We introduce new energy transition scenarios focusing on the distribution of the financial burden. The results suggest that even if different scenarios have the same target temperature limit, the outcomes for financial asset returns and interest rates can be very different, depending on the distribution of the costs of the energy transition.
In 2019 we introduced energy transition scenarios in Mira ABM – our strategic risk management, stress testing and scenario analysis platform. At the time, our focus was the frontier of achievable change and how the economy (and the underlying asset classes) would perform if all the industries and regions transitioned to low- (or no-) carbon technologies realistically available at the time or in the very near future.
In this issue of Risk Wire we introduce the new, expanded energy transition scenario set that focuses additionally on the required investments to achieve the well-publicised climate targets, but also elaborates on the distribution of effort and burden between regions, governments, consumers and industries – a granular analysis that can be meaningfully accomplished in Mira ABM. Our broad conclusions are:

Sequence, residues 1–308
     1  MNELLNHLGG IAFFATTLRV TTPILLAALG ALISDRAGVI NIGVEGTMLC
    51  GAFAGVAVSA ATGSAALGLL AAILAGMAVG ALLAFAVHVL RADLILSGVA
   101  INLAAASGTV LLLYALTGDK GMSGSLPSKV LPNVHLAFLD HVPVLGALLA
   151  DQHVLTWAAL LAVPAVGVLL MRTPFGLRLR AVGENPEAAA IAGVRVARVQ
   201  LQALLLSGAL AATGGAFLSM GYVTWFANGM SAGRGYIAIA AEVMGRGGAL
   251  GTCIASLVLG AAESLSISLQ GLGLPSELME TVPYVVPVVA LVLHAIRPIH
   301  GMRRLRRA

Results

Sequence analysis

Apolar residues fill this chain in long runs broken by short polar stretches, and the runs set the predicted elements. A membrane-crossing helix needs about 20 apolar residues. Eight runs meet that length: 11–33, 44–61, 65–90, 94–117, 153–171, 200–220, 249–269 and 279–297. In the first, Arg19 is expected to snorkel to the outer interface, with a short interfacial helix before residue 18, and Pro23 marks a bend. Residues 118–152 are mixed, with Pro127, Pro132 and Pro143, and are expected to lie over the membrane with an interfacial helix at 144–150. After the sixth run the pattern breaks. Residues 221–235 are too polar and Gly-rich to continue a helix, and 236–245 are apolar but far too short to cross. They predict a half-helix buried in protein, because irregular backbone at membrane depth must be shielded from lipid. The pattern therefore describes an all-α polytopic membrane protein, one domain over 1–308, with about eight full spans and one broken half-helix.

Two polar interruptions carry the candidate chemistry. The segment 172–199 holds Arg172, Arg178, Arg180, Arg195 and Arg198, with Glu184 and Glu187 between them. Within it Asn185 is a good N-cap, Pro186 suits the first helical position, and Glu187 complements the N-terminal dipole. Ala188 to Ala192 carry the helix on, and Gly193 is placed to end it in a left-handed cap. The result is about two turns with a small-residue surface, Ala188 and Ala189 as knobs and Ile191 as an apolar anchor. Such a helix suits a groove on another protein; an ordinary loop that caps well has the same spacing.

- the distribution of transition burden has a major effect on the asset returns and interest rates even for the same level of target temperatures,
- irrespective of the regional distribution mechanism, EM equities will have major performance issues even if there is a per-capita adjustment of fossil fuel consumption targets; interest rates tend to be negatively affected in all scenarios
- depending on how much of the burden is passed on to the public, the energy transition is likely to exacerbate the trend of labour moving to lower productivity and lower income jobs, causing major social and economic tensions
The complete scenario options have been introduced in Mira ABM and subscribers may already carry out customised comparative analyses on their portfolios in Mira ABM or reach out to LINKS Analytics for help. In this report, we focus on the impact of four broad generic scenarios – all scenarios cover the +1.5 °C case, but with different regional distribution and public burden policy choices.